Occasionally situations arise in which the information needs of family members differ from the needs of the patient.[6] Physicians typically find themselves torn between meeting those two needs. Common situations include when family members do not want the patient to know information concerning prognosis or, conversely, when family members want to know, but the patient does not want to have detailed information. Efforts have been made to study the ethical issues surrounding communicating prognosis to help physicians navigate this sometimes difficult terrain. The studies are often small, however, and excluding bias from the experimental design is often difficult.[7] Because of the challenges in communicating prognosis, multiple studies have concluded that prognosis is infrequently discussed with patients, and when it does occur, the conversation is frequently between the physician and someone other than the patient.[7,8] Furthermore, studies have found that physicians have consciously optimistic biases about prognosis,[9] and tend to avoid prognostic conversations with patients by focusing on treatment plans.[7]

A few studies in the United States have examined patient preferences concerning prognostic communication. In a 2003 study by Fried et al, 205 out of 214 patients reported that they did not have any prognostic conversations with their physicians, although 55% of patients said they would have wanted it.[10] Interestingly, caregivers wanted to know the patient’s prognosis more often than the patient did. A study by Marwit in 2002 showed that the majority of Americans preferred full disclosure of prognostic information.[11] Not a single study participant preferred nondisclosure, though there was some variation in the amount of information that the patients wanted disclosed. Only 32% of patients wanted to be given the information alone, and more than 64% of patients preferred to have a loved one present. In a study in 2002 by Kaplowitz, 80% of patients were found to prefer a qualitative prognosis over a quantitative one. Furthermore, elderly patients were significantly less likely to request prognostic information.[12] The interpretation of these studies is complicated by the fact that not all of them distinguished between the information preferences of patients with poor prognoses and those with better prognoses. In several studies, patients with poor prognoses have been found to desire less-specific information about their prognosis.[7]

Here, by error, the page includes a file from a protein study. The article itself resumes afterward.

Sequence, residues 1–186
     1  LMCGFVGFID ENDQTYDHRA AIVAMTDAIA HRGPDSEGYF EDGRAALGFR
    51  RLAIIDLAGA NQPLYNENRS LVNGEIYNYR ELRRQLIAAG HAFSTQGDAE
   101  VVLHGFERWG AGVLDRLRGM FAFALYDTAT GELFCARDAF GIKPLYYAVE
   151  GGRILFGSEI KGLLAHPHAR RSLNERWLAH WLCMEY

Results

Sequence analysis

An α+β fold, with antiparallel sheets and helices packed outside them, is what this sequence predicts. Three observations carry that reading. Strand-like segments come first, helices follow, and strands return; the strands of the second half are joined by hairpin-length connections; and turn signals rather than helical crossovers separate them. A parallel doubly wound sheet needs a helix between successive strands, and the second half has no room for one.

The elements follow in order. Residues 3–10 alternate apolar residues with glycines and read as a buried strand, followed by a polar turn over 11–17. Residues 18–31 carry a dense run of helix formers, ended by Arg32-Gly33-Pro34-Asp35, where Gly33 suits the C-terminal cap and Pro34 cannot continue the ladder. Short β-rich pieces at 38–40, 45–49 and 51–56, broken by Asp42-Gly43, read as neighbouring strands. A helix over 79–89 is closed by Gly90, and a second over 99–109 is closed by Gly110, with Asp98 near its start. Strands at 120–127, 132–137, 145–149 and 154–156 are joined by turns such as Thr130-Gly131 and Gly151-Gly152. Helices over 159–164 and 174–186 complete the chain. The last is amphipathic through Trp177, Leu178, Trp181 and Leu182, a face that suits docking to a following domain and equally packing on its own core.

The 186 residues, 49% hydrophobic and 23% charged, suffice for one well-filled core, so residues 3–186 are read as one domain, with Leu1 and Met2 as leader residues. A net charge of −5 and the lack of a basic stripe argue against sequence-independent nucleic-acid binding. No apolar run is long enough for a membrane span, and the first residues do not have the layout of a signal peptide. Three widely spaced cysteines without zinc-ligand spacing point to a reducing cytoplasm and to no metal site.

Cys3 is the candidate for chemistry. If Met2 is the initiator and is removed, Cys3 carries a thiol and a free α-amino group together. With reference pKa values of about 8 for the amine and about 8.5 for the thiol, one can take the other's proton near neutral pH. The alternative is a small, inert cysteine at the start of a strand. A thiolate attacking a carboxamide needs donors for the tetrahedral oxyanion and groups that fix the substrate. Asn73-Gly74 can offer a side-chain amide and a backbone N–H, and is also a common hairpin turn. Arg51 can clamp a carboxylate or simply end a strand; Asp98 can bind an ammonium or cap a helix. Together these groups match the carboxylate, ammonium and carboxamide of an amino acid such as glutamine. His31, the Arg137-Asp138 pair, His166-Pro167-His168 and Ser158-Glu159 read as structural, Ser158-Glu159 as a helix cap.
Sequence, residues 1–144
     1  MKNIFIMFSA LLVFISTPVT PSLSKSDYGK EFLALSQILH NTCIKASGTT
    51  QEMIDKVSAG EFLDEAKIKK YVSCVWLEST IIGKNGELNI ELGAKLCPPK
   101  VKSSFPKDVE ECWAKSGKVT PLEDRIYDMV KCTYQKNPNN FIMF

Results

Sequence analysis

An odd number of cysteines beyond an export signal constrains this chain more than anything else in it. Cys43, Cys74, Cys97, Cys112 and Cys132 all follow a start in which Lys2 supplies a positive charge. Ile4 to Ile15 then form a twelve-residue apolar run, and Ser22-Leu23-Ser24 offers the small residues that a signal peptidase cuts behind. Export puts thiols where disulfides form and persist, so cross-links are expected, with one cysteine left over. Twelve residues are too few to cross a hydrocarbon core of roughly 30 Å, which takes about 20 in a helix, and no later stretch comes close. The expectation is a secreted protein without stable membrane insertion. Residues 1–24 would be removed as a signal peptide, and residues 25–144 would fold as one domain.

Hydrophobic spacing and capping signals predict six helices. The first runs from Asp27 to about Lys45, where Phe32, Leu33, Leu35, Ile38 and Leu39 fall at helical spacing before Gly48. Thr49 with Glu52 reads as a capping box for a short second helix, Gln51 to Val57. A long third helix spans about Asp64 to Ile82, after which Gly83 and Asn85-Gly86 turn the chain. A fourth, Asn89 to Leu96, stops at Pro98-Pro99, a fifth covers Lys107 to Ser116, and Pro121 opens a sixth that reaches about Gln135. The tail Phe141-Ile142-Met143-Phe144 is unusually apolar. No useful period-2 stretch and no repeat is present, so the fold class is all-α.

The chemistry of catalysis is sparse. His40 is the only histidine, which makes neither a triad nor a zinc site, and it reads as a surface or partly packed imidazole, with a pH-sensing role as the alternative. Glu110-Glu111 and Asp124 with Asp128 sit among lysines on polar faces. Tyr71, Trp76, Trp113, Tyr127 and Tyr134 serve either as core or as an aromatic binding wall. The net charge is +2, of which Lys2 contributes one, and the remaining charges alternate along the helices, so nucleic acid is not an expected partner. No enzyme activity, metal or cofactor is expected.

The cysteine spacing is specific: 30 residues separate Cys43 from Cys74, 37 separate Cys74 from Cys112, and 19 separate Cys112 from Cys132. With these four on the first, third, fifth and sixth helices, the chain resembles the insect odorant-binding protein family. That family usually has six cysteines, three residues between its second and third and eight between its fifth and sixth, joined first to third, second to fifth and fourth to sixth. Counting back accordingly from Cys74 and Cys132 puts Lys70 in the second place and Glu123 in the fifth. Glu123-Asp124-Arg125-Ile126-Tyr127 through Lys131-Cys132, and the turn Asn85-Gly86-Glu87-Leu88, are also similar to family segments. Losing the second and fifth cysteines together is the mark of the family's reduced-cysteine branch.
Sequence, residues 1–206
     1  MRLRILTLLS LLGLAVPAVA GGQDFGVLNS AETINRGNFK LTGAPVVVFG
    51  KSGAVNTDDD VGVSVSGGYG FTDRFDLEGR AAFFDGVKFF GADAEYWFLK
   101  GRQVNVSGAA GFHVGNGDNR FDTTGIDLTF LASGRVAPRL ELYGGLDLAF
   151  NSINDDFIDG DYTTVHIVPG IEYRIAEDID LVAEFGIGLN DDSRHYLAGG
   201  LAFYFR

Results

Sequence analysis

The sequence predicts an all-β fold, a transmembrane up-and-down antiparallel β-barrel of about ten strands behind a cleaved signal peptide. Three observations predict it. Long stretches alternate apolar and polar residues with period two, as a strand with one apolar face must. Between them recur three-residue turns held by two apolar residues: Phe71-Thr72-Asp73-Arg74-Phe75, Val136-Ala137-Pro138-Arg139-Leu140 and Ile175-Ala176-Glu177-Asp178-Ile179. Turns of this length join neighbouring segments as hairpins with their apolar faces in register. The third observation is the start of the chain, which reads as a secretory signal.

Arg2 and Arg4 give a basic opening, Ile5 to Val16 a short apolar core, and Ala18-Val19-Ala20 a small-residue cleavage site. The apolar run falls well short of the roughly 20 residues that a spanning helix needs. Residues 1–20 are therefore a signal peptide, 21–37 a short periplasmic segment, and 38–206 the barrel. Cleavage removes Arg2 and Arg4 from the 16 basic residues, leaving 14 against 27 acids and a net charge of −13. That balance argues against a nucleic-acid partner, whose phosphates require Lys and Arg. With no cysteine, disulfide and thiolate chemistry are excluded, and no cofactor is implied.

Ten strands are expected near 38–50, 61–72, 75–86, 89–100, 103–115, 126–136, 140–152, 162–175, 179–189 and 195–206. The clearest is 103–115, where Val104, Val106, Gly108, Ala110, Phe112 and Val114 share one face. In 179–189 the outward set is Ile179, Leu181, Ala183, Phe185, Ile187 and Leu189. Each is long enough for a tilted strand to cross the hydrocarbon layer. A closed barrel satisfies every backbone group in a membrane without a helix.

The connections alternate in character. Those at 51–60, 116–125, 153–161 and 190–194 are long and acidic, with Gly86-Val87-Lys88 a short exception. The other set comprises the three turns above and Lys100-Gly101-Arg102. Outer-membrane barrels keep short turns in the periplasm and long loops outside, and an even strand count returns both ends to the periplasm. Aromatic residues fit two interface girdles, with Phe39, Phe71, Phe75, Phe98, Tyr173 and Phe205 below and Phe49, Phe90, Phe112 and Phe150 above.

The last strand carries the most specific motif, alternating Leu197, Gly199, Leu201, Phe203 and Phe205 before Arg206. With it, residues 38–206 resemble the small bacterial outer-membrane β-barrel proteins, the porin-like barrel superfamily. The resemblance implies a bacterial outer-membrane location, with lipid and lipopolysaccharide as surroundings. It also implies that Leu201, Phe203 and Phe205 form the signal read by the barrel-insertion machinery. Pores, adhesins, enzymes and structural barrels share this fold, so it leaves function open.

Evidence also suggests that individual patient and family preferences vary within and across studies. Although there have been roadmaps designed for physicians to use when communicating prognosis, the physician must be flexible enough to tailor the conversation to the patient’s preferences and level of understanding. Indeed, it is sometimes a challenge to know how to assess information preferences. Appropriate questions to ask in the above situation would include inquiring about the patient’s preference for knowing his prognosis, assessing and attempting to understand his fears or concerns surrounding prognosis, determining in what form he would like to have prognostic information (qualitative or quantitative), and asking whether the patient is agreeable to your discussing the information with the family separately from himself, so that differing desires for information might be managed. Although these conversations are difficult and often time-consuming, effectively communicating prognosis has been shown to lower anxiety and decrease depression levels.[13] It has also been shown in many studies to affect decision making regarding intensity of treatment.[14] Continuing to study more effective strategies and further educating physicians in prognostic communication is important for a higher level of quality of care for cancer patients.

3. End-of-Life Care

A 45-year-old male patient with metastatic pancreatic adenocarcinoma who has progressive disease during first-line chemotherapy comes into the emergency department (ED) with altered mental status and is found to have an acute saddle pulmonary embolism requiring high levels of oxygen. The patient’s wife accompanies him to the ED and is his healthcare power of attorney. You know the patient well, and his health has been declining over the past month. He had an Eastern Cooperative Oncology Group (ECOG) performance status of 3 at his last visit. You were to see him again in clinic next week to discuss hospice.